Looking back to move forward: How art inspired by Michigan Theater's decline informs our work.

Every week, the team at BMD look to the wider art world to inspire our creative methodology and design. This week, Bree Spicer, BMD’s Product Manager and Illustrator, happened upon The Power of One: A Dazzling New Revue Opens In Berlin by Sharon Stancavage for Lighting & Sound America. Read on for Bree’s thoughtful response to the article – particularly as a Michigander – and how it inspired her work on a musical that might surprise you!

This production was inspired by an old photograph the creative director, Roland Welke, saw of the Michigan Theater in Detroit. As an original Michigander, this resonated with me as I immediately understood the appeal that Welke was speaking of. For some background, the Michigan Theater was once the jewel of downtown Detroit. Seating 4,038, it functioned as a theater, lounge, and museum. It was immensely popular, but once the 1940s rolled around, movies began taking precedence. There were changes made to the theater in an attempt to keep its relevance, such as adding a big screen (which damaged the original proscenium arch), but ultimately the theater became unprofitable by the 1960s. It then had a briefly successful stint through the ‘70s housing rock shows such as David Bowie and Aerosmith, but this came with a sacrifice; concert-goers devastated the interior of the theater with scars and gum and piles of beer cans. The once-beautiful theater, now in a state of decay, was considered a waste of space by many. In the late ‘70s, it was finally decided that the vandalized theater be converted into a parking garage. Though this may at first seem an insult to the original building, it was better than the alternative- being knocked down. The theater still retains a type of blemished beauty and continues to draw tourists to this day.


Welke was inspired by this “lost place” and the former grandeur of the Michigan Theater. To make his ideas more cohesive, he paired this aesthetic with the concept of a dream world where a man finds himself in a place that he doesn’t belong. The man discovers an underground rave in a decaying theater, where he meets the former head of the theater, realizes he's in a dream, and falls in love. With such a loose plot, the focus here is really on the visuals; the set is designed to morph in a surrealist way into different settings. As the main visual, they had proscenium arches made of a transparent metal mesh that they projected upon. They were designed to change back and forth between their previous splendor and current decay through the use of these projections, echoing the path that the Detroit Theater took. The video designer, Vidal, states that they wanted to use surface projections here to convey mood and movement instead of attempting to tell a specific story, both emphasizing the set in a way that lighting effects alone couldn’t do and also to “evoke a memory of what the place may have been.” This ties back with the inspiration from the Michigan Theater; being in that now-parking garage feels like having one foot in the past and another in the present, and if you squint you can see the splendor it must have once held.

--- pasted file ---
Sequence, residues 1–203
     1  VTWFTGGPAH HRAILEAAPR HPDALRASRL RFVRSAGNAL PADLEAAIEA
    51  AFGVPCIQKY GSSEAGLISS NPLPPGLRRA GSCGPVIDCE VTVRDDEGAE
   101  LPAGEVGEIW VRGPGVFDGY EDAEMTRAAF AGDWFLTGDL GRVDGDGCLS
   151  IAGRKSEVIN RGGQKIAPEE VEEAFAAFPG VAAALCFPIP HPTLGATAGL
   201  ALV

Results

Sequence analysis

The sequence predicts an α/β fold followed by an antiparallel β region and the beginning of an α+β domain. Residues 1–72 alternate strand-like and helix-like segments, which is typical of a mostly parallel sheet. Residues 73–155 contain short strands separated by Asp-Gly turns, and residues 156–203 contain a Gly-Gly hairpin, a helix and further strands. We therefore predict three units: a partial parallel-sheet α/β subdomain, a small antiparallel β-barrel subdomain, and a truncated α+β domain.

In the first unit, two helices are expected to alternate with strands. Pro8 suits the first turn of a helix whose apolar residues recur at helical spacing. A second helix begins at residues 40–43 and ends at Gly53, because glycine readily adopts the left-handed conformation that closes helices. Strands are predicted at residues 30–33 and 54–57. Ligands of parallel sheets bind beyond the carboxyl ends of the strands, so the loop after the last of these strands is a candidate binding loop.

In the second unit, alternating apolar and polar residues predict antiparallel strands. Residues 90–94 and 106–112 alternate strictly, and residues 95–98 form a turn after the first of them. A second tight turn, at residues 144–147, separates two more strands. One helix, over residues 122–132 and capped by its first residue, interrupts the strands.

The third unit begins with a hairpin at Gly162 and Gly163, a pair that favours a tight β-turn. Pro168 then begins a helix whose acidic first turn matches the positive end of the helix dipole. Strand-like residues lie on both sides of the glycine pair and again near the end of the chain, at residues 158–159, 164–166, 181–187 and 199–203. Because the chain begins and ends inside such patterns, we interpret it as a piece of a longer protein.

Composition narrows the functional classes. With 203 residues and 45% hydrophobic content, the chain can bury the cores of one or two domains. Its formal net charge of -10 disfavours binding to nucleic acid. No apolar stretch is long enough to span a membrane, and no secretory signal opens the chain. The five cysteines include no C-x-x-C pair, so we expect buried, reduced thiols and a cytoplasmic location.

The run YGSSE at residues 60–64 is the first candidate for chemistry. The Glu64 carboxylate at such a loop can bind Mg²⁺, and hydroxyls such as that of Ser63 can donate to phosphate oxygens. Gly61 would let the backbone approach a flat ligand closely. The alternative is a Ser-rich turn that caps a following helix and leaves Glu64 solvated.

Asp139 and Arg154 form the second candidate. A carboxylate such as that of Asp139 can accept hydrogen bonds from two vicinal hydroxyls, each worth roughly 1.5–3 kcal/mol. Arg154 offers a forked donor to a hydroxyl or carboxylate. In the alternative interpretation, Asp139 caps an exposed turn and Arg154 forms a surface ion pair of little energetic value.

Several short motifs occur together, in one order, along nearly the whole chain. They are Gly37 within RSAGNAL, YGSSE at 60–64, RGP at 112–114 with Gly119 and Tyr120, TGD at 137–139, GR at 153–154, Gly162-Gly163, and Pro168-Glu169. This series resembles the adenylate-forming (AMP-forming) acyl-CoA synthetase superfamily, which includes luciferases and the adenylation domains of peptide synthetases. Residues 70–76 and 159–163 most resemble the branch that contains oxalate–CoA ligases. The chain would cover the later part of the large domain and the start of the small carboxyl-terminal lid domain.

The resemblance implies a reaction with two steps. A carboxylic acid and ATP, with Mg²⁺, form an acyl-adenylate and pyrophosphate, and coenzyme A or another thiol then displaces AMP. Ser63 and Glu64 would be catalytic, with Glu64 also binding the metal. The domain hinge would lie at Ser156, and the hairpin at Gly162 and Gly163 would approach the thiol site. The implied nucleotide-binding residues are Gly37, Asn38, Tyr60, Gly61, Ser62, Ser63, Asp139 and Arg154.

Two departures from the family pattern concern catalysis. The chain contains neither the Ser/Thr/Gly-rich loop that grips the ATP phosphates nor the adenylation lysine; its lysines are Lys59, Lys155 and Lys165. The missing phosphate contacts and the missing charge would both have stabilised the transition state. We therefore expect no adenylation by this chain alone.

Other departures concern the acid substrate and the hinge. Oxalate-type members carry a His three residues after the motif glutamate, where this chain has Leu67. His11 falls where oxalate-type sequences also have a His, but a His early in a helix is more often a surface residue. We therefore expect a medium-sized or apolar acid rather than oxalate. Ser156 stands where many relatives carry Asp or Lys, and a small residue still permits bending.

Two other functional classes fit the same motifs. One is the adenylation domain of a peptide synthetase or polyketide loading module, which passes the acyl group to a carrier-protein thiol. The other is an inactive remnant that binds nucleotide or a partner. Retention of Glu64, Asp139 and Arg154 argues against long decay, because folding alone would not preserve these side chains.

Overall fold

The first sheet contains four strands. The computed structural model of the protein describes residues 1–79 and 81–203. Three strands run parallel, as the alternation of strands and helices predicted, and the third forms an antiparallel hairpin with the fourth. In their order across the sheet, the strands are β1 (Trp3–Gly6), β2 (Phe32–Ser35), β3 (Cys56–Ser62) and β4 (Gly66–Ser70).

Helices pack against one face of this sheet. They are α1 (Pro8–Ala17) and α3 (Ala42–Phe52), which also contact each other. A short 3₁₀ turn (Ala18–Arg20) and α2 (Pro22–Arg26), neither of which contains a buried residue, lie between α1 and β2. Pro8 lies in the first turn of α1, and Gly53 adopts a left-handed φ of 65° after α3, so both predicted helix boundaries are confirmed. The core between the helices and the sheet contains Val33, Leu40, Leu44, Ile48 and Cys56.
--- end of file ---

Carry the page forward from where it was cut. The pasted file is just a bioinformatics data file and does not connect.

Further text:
One challenge I face at BMD is adapting well known stories into a unique visual identity that still respects the style of its predecessor, for example, Frozen JR. The comparison of the original film and the musical adaptation presents a unique challenge- how do I respect the integrity of these stories without also stepping on the toes of the original designs? Instead of approaching these challenges in the same style as the original material, which doesn’t offer anything new to the discussion, it is better for the arts community to approach these projects in an innovative way. By doing this, we can successfully keep propelling forward.

The story of the Michigan Theater demonstrates the power of adapting to circumstances to avoid a stagnation of creativity and innovation. I think it's neat how a show all the way over in Berlin was inspired by the grandeur of Detroit and this demonstrates to me how concepts can be repurposed in a creative way from any source material. As an illustrator, I believe that there is nothing wrong with taking an outdated idea and revamping it, but you must strive to approach this in a contemporary way. If an artist persists in creating something that no longer resonates with an audience, then they must reevaluate what they’re doing. Instead, we should encourage unique content that stands on the base of these original ideas but has something new to say.